shrink from what I consider to be my duty, as a public Lecturer, to state the judgment I have been led to form, upon due consideration, on all the circumstances of the case. And I do so with the less hesitation, because the great authority attached to the names of acknowledged scholars is apt to mislead the generality of readers; because being prejudiced in their favour, on account of the deference they are inclined, and have been properly taught to pay to the opinions of such men, they very often adopt, as indisputable truths, sentiments, systems, and notions, which by no means deserve the flattering appellation.

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Continuation of the same subject—Hypothesis of Mr. Faber in regard to the Erodus and the Hyk-shos analysed—General reflections—Historical monuments—Important facts—Attempt at explanation—Objections–Conclusion.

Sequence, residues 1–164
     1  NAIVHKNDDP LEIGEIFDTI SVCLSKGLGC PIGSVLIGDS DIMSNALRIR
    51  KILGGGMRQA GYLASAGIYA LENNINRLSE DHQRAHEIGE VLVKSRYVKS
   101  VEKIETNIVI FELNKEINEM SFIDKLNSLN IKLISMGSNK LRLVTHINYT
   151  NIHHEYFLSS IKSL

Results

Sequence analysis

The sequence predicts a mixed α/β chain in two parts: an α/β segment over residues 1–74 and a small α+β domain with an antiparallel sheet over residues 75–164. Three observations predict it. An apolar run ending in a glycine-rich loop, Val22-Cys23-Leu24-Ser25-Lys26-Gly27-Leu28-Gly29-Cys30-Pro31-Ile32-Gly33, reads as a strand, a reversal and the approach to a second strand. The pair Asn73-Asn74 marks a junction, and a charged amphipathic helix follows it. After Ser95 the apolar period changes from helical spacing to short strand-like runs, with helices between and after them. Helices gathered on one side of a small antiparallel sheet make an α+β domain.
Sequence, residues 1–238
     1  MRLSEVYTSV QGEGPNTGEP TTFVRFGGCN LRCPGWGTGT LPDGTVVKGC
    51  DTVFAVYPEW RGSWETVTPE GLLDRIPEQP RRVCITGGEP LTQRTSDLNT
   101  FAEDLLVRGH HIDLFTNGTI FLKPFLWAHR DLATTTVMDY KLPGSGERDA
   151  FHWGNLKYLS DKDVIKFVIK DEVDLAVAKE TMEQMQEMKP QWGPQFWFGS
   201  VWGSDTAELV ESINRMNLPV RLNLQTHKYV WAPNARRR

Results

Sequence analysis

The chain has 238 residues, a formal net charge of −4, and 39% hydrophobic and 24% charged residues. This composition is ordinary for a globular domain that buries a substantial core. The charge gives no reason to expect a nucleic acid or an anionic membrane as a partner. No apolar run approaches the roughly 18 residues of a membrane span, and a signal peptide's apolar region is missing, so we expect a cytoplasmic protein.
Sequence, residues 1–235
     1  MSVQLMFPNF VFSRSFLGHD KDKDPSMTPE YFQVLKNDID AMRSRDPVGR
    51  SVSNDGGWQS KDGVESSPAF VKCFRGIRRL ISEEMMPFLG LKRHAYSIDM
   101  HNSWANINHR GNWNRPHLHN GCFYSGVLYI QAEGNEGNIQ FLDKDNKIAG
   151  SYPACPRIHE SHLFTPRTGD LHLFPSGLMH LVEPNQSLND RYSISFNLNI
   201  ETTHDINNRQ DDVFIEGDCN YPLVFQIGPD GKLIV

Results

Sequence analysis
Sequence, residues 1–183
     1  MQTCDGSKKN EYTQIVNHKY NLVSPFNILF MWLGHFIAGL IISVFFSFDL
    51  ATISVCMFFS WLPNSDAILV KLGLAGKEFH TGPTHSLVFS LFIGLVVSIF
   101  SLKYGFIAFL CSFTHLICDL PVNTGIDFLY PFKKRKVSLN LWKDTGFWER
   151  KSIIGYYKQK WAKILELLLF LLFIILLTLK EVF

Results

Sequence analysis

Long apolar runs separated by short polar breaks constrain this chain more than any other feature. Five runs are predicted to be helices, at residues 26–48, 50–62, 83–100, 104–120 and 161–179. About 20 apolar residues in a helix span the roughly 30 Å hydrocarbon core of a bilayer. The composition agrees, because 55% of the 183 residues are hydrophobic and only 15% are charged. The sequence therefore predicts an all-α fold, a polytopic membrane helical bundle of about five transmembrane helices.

We concluded our last Lecture with the criticism on the system imagined by Mr. Bryant, to solve the grand question, who were the Hyk-shos, or Shepherd kings, whence they came, and at what period they ruled over Egypt. As, according to the authority of Manetho and other ancient writers, the history of these invaders is closely connected with the eventful departure of the Israelites from Egypt, I endeavoured, in as full a way as I could, to put you in possession of what is known, or rather of what has been said about them by the most credible ancient authors. I quoted the fragment of Manetho, which has been preserved by Josephus, Chaeremon, and Lysimachus; and I quoted also what Diodorus and Tacitus have written on the subject. I endeavoured to point out to you the most important points on which these several authors agree or disagree